Douglas testified that he had likewise previously met appellant a few times in passing as well, but that they were not friends. He did not call 911 that morning because appellant did not threaten them and left when told to do so.

Santa Fe Police Officer K. Heintz testified about responding to the home-invasion call at the Penters. The first thing he saw was appellant being held down on the ground. He put appellant in his patrol car and surveyed the scene. He saw the front door hanging on its top hinge, as well as a shovel on the kitchen floor and a broken window in the kitchen. Heintz also observed Samuel's injuries, which included “cuts along his ribcage and a good size knot growing on the top of his head.”

Heintz described appellant as highly intoxicated and uncooperative. Appellant told Heintz that he believed his ex-girlfriend Lindsey 1 was being held in the Penters' house against her will. Appellant did not, however, offer any explanation for that belief. Appellant also told Heintz that the last time he had seen Lindsey was nine months ago.

A. Appellant's Testimony

Appellant admitted at trial to attacking Samuel, but testified that he went to the Penters' house only to protect Lindsey. The afternoon before he assaulted Samuel, appellant had been at his friend Ricky's house in Texas City. Around 6:30 or 7:00 p.m. that evening, another person came into the house and told appellant that he had seen Lindsey in a trailer community in Santa Fe. Appellant knew that the Penters and the Moncriefs lived there. The location had significance to appellant because he believed that Joshua—the mutual friend who introduced him to Samuel—had previously had an affair with Lindsey.

Appellant continued helping Ricky around his house and drinking alcohol for the next few hours. Later that night, one of Rickey's neighbors, Mike, also told appellant that Lindsey was in Santa Fe and agreed to give appellant a ride to the trailer-home community.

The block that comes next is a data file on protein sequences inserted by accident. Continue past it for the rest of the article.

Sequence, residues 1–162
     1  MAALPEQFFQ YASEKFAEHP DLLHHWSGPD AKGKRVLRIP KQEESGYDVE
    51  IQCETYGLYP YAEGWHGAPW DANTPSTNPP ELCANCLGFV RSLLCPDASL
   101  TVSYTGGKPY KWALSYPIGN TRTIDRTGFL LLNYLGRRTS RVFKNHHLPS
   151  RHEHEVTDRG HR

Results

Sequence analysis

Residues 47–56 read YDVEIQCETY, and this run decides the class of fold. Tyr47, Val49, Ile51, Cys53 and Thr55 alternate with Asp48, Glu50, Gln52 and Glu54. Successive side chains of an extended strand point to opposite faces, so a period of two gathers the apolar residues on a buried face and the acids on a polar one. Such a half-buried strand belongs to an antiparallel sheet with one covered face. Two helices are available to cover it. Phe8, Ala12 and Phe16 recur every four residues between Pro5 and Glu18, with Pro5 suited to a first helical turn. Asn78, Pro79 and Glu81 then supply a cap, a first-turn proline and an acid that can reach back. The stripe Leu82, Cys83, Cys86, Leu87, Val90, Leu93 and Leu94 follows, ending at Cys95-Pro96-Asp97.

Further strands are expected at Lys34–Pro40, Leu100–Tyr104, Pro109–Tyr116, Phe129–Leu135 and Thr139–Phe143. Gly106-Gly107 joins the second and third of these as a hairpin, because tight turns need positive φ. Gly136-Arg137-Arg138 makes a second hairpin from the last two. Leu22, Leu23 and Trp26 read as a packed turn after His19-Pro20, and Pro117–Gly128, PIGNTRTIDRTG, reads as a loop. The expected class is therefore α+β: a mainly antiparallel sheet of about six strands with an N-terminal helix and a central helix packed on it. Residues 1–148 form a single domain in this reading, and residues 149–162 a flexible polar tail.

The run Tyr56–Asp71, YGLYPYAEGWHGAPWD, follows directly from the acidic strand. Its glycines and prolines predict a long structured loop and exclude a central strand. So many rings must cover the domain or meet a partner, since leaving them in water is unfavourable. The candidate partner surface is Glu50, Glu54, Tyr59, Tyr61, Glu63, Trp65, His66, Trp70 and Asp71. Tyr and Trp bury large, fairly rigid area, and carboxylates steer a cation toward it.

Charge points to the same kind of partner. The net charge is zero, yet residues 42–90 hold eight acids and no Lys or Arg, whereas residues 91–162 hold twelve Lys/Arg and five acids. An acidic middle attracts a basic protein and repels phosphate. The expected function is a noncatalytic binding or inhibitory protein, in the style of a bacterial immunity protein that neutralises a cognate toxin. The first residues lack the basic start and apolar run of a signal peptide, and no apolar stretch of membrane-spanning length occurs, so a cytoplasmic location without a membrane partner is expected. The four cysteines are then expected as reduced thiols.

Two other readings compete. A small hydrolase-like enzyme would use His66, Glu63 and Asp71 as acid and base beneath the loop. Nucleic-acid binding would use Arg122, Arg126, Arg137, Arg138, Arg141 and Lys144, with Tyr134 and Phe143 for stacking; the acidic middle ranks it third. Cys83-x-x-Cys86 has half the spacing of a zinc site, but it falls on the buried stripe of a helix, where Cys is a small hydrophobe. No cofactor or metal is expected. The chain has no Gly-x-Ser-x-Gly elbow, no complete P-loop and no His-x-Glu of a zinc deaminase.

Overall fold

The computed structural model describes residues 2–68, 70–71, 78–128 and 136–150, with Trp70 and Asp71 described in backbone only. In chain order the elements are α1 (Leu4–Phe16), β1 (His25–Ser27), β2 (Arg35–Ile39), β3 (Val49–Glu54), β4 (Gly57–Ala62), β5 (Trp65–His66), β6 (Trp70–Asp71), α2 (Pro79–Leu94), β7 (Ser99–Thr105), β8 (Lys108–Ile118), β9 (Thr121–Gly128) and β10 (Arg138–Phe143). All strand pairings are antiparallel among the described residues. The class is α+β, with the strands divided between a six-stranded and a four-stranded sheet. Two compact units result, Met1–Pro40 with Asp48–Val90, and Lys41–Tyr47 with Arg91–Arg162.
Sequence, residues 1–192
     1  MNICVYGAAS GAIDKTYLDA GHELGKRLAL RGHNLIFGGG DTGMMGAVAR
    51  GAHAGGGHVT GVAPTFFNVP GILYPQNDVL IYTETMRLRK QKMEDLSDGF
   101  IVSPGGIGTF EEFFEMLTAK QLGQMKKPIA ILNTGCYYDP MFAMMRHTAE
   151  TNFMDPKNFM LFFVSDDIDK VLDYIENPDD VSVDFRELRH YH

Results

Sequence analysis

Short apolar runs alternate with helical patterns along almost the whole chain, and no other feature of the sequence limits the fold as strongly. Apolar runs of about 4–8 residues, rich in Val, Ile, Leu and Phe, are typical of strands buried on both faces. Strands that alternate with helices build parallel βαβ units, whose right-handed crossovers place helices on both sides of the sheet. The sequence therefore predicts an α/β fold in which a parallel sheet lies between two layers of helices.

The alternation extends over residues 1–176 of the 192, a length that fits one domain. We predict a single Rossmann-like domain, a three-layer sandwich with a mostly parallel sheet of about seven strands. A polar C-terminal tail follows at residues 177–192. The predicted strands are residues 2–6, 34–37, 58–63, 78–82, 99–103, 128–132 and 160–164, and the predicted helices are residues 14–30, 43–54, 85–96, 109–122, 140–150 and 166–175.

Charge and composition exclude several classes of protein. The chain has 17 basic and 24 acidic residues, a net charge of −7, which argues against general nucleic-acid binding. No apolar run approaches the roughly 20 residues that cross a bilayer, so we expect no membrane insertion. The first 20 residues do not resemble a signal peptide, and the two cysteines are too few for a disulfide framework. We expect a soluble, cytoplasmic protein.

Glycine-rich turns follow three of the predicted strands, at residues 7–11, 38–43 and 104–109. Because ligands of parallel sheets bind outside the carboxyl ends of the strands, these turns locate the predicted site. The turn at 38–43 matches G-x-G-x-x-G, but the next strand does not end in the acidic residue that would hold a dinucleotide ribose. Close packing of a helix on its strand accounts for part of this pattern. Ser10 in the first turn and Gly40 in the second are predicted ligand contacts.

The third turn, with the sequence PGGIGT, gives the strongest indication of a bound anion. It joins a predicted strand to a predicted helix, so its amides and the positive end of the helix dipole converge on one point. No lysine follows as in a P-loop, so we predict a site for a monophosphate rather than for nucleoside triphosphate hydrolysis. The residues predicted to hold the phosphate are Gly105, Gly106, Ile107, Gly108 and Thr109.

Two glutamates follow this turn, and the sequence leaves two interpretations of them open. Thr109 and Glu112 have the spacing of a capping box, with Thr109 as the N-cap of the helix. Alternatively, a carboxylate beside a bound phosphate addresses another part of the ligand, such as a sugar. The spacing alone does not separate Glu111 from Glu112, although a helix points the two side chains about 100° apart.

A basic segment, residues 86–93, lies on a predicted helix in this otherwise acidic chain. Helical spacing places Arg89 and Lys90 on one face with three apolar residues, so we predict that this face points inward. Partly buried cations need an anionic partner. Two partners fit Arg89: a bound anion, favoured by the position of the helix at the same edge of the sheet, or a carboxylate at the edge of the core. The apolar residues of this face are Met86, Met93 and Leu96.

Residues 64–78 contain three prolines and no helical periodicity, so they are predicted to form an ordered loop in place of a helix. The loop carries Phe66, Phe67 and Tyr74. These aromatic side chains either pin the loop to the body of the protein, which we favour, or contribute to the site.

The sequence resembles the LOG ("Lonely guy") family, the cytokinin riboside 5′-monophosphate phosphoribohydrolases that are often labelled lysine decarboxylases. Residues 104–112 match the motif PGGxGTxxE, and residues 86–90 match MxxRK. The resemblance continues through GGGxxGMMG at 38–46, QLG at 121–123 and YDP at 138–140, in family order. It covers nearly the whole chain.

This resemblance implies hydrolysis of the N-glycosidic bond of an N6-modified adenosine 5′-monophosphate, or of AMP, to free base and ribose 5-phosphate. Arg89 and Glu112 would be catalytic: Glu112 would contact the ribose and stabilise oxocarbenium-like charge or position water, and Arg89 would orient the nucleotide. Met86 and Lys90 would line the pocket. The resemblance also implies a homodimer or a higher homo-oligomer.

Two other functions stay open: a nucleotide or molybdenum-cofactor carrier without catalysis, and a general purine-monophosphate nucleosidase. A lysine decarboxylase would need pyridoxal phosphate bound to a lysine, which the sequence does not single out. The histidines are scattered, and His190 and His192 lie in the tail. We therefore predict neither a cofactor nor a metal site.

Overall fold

Appellant explained that, when they arrived, he grabbed a shovel out of the bed of Mike's truck because he “went over there to find out what happened to Lindsey; and I didn't know what to expect because of people that were there, Doug[las] and them, because I know he ended up cutting my brother with a razor knife two or three years before that.” When appellant did not find Lindsey at the Moncriefs' house, he thought that the Penters' house was the only other place she could be because of Samuel's friendship with Joshua.

In contrast with other witnesses' testimony, however, appellant claimed to have set the shovel down before he approached and knocked on the Penters' door. This was because it occurred to him after he went into the Moncriefs' house carrying a shovel that this might not be appropriate behavior with children around. Appellant testified that Samuel opened the door when appellant knocked and told him that Lindsey was not there. Appellant admitted to assaulting Samuel, but claimed that he only punched Samuel in the face, and that they stayed on the porch; he never crossed the threshold into the Penters' house.